Q&A with Peter Adsten

Crestline: Building World Class Ambulances is a one-of-a-kind photographic journey through the history of ambulances from 1967 until 2004


Crestline: Building World Class Ambulances is a one-of-a-kind photographic journey through the history of ambulances from 1967 until 2004.

Author Peter Adsten effectively combines words and photos to tell the story of his working career, first as an EMT and then as an ambulance manufacturer in the province of Saskatchewan.

Following his retirement in 2004, Adsten began the long process of researching photo archives and scanning 17,000 Crestline and Ambucraft photos, the best of which are included in his book. The final product contains 336 pages and 560 photos, most of them in color. Adsten has also collected 10,000 old ambulance photos from private collectors and from archives throughout Canada, and encourages readers with old photos to send them to him for his website EMSclassics.com. All proceeds from sales of the book are donated to the Paramedic Association of Canada Benevolent Society.

Why did you write this book?

It was important to me to make a record of who we are, what we did and why we did it. I thought that other than my own family and friends, perhaps others in the EMS industry might be interested in our history, and this is what developed.

You obviously had a good store of photos and information.

Yes, I was fortunate that way. We took a photo almost every time a customer came in to pick up a vehicle we had manufactured, and most of those pictures are still available. I could have written the story without pictures, but I personally like to have pictures as well as the description. The first chapter is the history of when I worked as an EMT for private ambulance services, where we were using Cadillac-type ambulances that kids today call "ghostbusters." The rest of the book chronicles how the ambulances started out as vans with just a few modifications, then vans with a raised roof, and finally the modular ambulances that became dominant and remain so today. So, it traces the transition period when North American-made ambulances went from car-based to van- or truck-based vehicles.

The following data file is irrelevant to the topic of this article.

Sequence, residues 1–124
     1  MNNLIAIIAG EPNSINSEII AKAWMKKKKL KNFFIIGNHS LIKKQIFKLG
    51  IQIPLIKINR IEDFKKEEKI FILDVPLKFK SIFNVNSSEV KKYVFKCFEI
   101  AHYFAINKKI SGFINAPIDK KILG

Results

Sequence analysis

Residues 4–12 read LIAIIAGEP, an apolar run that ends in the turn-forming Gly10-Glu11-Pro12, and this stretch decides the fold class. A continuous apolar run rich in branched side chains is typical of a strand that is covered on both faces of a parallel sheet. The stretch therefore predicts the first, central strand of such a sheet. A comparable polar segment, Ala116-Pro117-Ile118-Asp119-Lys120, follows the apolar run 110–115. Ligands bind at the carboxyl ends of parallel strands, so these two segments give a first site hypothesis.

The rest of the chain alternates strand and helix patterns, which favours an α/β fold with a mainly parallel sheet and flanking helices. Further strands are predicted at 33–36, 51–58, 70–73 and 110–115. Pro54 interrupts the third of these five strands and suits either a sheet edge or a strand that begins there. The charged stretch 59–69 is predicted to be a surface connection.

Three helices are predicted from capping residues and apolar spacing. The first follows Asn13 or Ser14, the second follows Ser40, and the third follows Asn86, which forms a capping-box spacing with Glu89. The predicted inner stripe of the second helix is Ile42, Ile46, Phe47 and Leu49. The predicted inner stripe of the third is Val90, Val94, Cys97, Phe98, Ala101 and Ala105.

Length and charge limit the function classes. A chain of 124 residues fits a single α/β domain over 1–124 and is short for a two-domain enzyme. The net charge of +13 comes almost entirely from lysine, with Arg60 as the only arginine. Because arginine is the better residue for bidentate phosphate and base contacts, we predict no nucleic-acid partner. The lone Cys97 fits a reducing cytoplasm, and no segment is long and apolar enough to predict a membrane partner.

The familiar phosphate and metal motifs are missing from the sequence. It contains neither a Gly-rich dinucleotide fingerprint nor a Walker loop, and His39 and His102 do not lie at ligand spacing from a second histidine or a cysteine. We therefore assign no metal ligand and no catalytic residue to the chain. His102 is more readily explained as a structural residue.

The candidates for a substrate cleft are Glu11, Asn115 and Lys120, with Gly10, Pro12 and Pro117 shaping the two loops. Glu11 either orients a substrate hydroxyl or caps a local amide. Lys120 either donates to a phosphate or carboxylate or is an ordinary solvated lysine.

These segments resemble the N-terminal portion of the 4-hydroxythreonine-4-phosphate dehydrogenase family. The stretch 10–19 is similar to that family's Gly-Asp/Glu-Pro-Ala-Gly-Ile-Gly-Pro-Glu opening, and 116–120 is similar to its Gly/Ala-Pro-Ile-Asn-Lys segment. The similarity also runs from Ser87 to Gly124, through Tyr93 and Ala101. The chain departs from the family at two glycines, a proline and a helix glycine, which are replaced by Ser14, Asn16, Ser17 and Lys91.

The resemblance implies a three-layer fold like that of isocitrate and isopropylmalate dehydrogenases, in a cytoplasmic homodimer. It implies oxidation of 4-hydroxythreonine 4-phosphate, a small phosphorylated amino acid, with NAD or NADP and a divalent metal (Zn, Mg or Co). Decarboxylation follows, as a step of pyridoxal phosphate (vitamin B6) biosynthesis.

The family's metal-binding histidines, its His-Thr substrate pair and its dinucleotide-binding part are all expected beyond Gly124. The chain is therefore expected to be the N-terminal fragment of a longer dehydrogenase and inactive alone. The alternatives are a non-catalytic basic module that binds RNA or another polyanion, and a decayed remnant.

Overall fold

You began work as an EMT. Why did you move from that into manufacturing?

When we had our own ambulance service, we felt a need for a larger vehicle than the car ambulances we were using. We needed more storage space for all the new medical equipment that was being invented, and we needed more room inside the vehicle. During those years, Ford, Dodge and GM all made van ambulances, but they were tiny and didn't have many creature comforts. Then during the late 1970s they suddenly started producing vans that were larger and included air-conditioning, cruise control, comfortable captain chairs and a large fuel tank--all the things that made the van more acceptable. At first, we built two vehicles for our own use. In Canada, by the time you added the duty, currency conversion, federal sales tax and transportation, the Cadillac ambulances that we imported from the United States were very expensive, and we could see we could save a lot of money by building them ourselves. I was a carpenter and my business partner, Ken Sawatsky, was an electrician and was mechanical, and we did our best. They weren't all that great, but they served a purpose and saved us a lot of money.

Were there certain standards that you had to follow?

No. In both Canada and the United States there were absolutely no requirements for performance testing or engineering, so there was an explosion of ambulance manufacturers throughout North America and Canada. Anybody could go to the local dealer and purchase a van that was very well-suited to conversion. Some built good quality and some were in terrible condition. Soon after that happened, many of the traditional car ambulance manufacturers like Superior and Miller Meteor went bankrupt and lost their business or closed.

You published the book yourself. What kind of promotion do you do, and what response have you had?

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